She started out as Sooki St. James cooking up a storm, she stole the show and puppies on Bridesmaids, and she joked her way into our hearts with Mike and Molly. Yes, she is Melissa McCarthy, and she is the star of tonight’s film. With mediocre advertising and unfortunate timing, this movie is going to try to rake a few scraps of the box office to hopefully survive another weekend of run time. Was it worth a trip to the theater? Did it deliver what was promised? Robbie K here to help guide you with a written review to expand on his thoughts and help spend your money wisely. Let’s get started as we look over:
Movie: Life of The Party
Cute: The movie is unfortunately timed near some of the biggest Disney movies of the year, but it is also nicely timed on the weekend of Mother’s Day. As such, this film goes alongside this theme, capturing the essence of the mother-daughter bond among McCarthy and her brood of eager college seniors. Like a remake of Troop Beverly Hills and the House Bunny, Life of The Party has that adorable energy packed inside, attempting to captivate the target audience.
Flashback Syndrome: The movie tries to hit on a few big aspects of college life, doing a fair job to take you back in time to those glorious, or perhaps not so glorious college days. Life of The Party touching on awkward roommates, fraternity rituals, class studying, and parties makes for some dynamic opportunities for fun and adventure to rope you in.
Good Music: A movie like this is always an opportunity to introduce, or reintroduce, some hits that are often in theme of the movie scenes. With partying displays in this movie, the music director did a nice job selecting a track list that works so well with the ups and downs of the film. And given the trends of the songs these days, you can expect some comedic antics to be heavily reliant on the song for setup (see 80’s dance off).
Messages: I’m a sucker for good morals being displayed in a movie, and fortunately a movie about the wilder sides of college life has some kernels of wisdom deep beneath the partying service. D-Rock’s journey back to college involves copious amounts of work, striving to face her own demons, and more importantly the importance of empathy winning out in the day. Yeah, there are some juvenile and rambunctious aspects that heavily coat these core values in a greasy layer of slime, but the writers eventually accomplish delivering these valued lessons.
Shallower Aspects Take Precedence: While there are solid core values, the shallower aspects are heavily emphasized in this movie. Life of The Party’s title is no lie and the film is a big budget advertisement for wine, beer, and frat parties that state this is the real core of college. In addition, many of the other girls have highly mocking flaws that get little evolution, further highlighting the “important” aspects of higher learning.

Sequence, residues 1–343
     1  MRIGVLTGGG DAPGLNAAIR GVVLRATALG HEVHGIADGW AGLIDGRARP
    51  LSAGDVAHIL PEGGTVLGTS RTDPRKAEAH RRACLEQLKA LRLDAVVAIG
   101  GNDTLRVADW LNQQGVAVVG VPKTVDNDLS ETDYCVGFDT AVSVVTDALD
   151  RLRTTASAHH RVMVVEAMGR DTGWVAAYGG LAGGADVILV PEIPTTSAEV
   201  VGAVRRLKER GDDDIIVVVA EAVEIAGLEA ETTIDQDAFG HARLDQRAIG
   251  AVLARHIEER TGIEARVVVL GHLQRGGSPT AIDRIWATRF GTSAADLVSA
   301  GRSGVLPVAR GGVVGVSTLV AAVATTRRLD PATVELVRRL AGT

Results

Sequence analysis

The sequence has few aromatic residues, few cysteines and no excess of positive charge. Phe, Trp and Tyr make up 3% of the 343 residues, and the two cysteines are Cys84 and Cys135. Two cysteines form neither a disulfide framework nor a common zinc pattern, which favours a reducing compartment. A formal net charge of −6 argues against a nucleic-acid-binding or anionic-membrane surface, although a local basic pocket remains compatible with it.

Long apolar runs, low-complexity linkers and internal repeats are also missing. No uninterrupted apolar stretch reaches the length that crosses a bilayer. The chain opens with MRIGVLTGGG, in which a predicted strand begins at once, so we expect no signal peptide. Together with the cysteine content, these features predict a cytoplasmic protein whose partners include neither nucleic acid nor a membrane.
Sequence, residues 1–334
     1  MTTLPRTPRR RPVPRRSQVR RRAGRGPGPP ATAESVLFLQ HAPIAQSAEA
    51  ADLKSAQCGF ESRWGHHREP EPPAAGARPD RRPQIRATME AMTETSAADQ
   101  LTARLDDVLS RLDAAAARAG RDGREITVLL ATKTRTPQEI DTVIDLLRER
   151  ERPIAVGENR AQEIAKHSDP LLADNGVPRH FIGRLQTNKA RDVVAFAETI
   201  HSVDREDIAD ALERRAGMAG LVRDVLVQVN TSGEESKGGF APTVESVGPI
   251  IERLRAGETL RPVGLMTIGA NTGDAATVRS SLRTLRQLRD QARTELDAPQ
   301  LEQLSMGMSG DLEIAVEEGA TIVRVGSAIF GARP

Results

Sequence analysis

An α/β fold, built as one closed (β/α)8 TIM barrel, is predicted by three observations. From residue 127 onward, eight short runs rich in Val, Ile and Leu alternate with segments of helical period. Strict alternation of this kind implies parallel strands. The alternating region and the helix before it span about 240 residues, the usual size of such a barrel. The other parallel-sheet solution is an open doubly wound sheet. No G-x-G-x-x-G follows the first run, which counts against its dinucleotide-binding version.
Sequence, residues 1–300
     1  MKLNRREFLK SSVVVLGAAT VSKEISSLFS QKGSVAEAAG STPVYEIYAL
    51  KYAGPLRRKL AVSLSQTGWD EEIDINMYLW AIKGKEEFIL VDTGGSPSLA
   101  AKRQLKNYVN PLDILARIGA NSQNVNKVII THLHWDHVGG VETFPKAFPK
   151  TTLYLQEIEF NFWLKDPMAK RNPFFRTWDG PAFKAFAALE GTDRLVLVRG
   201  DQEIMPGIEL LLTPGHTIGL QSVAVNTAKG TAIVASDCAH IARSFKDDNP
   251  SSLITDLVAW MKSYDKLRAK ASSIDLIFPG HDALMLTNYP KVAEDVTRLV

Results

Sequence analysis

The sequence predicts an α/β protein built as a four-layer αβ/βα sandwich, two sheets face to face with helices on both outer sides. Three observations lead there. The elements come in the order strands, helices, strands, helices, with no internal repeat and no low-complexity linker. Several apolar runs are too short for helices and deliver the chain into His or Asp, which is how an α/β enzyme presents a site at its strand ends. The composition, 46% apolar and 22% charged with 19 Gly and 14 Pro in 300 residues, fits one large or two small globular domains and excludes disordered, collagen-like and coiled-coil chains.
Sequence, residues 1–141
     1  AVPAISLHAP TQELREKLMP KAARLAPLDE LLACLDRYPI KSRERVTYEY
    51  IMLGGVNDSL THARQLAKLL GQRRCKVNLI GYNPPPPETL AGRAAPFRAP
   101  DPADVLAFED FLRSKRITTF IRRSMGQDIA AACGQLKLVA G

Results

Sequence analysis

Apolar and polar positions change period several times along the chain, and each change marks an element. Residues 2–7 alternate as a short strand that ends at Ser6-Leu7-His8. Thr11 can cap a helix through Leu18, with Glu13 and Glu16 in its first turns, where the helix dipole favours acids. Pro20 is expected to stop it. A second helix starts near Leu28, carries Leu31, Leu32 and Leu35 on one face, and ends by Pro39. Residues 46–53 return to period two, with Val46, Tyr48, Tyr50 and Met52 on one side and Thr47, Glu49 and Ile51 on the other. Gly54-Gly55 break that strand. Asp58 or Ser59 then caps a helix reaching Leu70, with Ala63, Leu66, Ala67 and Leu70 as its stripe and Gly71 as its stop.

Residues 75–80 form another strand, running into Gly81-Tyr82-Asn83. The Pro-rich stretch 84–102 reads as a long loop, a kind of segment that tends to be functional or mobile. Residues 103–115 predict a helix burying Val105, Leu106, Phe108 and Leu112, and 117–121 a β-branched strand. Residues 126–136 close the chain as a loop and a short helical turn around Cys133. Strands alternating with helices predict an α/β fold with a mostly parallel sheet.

The Lack of Story: As said in my pre-review vlog, movies with McCarthy can be fantastic if there is a purpose to ground the humor. Life of The Party is not one of those movies, going more for the how many jokes can we throw into a 2-hour run time. While I didn’t expect much from the trailers, I had hoped the plot would not be as paper thin as this movie held within it. For one thing the movie tried too hard to put so many aspects in the movie, making much of D-Rock’s problems disjointed and uninteresting. The other girls get hints of getting more development, but most get dunce caps in character development, merely being comedic props/ploys for more jokes. Even McCarthy’s character has inconsistent development, a roller coaster ride with sharp rises and falls that rapidly solve everything.
Drags: The movie did not have a good pace for me, feeling very sluggish for most of the films. Primarily at the first part of the movie, Life of The Party makes minutes feel like hours as one hopes we can arrive at the fun times, but only get paper thin qualities that are chuckle worthy at best. It was not the most entertaining movie, and therefore left me feeling bored at times, which brings me to the next dislike.
Forced Comedy: The movie’s primary dislike, is that the comedy is very forced for me for much of the movie. For one thing, the writing was not as clever as I had hoped, designed to relentlessly drown you in cheap laughs, meme worthy one-liners, and girl drama that is more eye-rolling than comedic. Second, the delivery of the movie is okay for the most part but seemed to be directed at overdramatic presentation that was geared to characters’ stupidity or ignorance. Finally, the tactics lacked any real diversity, leading to a tidal wave of blandness that diminished with every telling. So, fans of the theory if it isn’t broke don’t fix it will get their money’s worth with this rigidly stiff presentation.
In regards to this film, Life of The Party does not deceive you with the trailer, delivering what was expected as shallow laughs, loads of silly humor, with a nice cute center. Sadly, the movie really needed a touch of creativity to lighten it up, bring some wit to the deluge of low key jokes, and most importantly expand upon the characters that are the key selling point. It’s not the worst film of hers to come out, but it is also not her best and I can’t recommend this one for the theater viewing and to hold until Redbox. Still, a mother-daughter bonding experience can be an exception if you are looking for that opportunity this weekend.
My Scores are:
Movie Overall: 4.0